IFRC launches 21 million Swiss francs HIV/AIDS programme for five countries in West and Central Africa

Published: 22 July 2008

The International Federation of Red Cross and Red Crescent Societies (IFRC) is appealing for 21 million Swiss francs (US$ 20.6 million / euro 13 million, 8.5 billion CFA francs) to finance a new three-year programme to boost the HIV work of Red Cross societies in Burkina-Faso, Central African Republic, the Democratic Republic of Congo, Guinea and Nigeria.

The new community-based programme, which will run from 2008 to 2010, is part of the IFRC's Global Alliance on HIV that was launched earlier this month in West and Central Africa. It plans to reach 950,000 vulnerable people, including 10,000 orphans, 49,000 people living with HIV and 13,000 sex workers. Activities include prevention, home-based care, anti-discrimination work and an increase in the capacities of Red Cross and Red Crescent societies to implement HIV-related programmes.

"As other regions in Sub-Saharan Africa, West and Central Africa is facing the disastrous consequences of HIV. Even though the impact may vary from one country to another, HIV is a major obstacle to development as it affects all key sectors: the economy, health, education and even food security," explains Abdourahmane Ndiaye, IFRC's HIV programme officer for the Sahel countries.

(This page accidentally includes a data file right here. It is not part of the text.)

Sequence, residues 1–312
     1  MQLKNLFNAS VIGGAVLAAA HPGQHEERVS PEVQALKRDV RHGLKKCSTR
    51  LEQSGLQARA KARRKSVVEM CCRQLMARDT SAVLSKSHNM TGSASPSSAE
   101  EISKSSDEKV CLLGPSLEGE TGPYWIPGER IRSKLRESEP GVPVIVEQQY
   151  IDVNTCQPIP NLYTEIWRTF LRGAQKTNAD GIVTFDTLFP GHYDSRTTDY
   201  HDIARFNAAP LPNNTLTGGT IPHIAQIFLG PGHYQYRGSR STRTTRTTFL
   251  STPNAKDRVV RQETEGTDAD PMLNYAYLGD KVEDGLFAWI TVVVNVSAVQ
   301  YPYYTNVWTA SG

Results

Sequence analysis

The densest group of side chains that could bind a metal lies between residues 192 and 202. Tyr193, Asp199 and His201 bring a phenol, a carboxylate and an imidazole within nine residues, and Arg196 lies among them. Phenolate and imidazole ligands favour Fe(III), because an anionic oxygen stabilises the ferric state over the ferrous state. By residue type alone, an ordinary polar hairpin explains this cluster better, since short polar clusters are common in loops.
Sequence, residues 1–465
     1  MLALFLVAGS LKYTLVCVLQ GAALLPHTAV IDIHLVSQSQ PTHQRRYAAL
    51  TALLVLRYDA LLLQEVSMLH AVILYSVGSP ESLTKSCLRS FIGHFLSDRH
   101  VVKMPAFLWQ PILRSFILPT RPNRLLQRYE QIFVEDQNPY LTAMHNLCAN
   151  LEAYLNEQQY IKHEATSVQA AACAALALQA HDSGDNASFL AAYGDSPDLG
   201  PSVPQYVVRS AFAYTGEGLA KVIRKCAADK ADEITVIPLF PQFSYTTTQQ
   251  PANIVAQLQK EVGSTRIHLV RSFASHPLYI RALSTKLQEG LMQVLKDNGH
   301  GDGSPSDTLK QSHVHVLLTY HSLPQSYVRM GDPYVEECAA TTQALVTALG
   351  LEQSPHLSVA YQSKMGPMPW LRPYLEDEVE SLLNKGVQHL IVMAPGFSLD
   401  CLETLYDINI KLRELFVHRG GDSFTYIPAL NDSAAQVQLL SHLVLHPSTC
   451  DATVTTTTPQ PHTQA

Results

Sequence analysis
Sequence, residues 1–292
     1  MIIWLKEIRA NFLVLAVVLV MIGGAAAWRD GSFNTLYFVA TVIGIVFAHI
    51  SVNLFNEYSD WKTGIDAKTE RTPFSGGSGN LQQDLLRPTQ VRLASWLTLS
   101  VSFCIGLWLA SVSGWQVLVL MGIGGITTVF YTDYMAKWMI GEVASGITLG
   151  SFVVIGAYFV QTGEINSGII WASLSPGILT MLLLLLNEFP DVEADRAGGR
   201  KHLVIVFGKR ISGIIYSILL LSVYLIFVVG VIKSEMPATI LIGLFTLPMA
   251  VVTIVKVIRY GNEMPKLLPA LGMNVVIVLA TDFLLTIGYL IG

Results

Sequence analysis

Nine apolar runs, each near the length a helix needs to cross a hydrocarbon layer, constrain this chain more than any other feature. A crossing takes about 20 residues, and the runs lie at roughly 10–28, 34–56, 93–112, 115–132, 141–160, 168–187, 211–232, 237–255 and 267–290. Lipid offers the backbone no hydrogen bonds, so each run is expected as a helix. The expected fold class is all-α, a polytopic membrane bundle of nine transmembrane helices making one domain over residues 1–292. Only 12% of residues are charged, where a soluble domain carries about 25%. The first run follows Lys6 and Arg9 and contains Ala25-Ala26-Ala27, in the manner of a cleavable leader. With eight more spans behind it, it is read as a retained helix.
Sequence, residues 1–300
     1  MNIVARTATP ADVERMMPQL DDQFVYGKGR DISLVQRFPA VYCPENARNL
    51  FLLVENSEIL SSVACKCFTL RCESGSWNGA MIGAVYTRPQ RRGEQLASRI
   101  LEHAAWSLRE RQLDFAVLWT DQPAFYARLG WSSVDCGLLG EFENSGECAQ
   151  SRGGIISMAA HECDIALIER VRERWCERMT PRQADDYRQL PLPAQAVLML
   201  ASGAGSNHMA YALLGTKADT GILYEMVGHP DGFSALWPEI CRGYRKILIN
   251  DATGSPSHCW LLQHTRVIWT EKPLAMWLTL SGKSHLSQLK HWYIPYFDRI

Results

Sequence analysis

Dr Mukesh Kapila, IFRC's Special Representative on HIV, says: "Our programme in West and Central Africa provides exceptionally good value for money.

"It is delivered by dedicated volunteers living in the very same communities as their clients. Thus, the money invested reaches those in need by the most direct route. We also focus our efforts on people in the most risky and vulnerable circumstances so as to make the vital difference in terms of reducing further HIV spread."

Based on UNAIDS statistics, the IFRC estimates that - of the global total of around 33.6 million people living with HIV - nearly 4.5 million, including some 400,000 children aged below 14 years, are living in the five countries involved in the first phase of the programme.

In 2006, some 350,000 people died of AIDS in these five countries, which are also home to nearly 1.9 million orphans due to AIDS. Prevalence rates range from 1.5 per cent in Guinea to more than ten per cent in Central African Republic. Another key factor is that twice as many young adult women in the region are infected by HIV than men.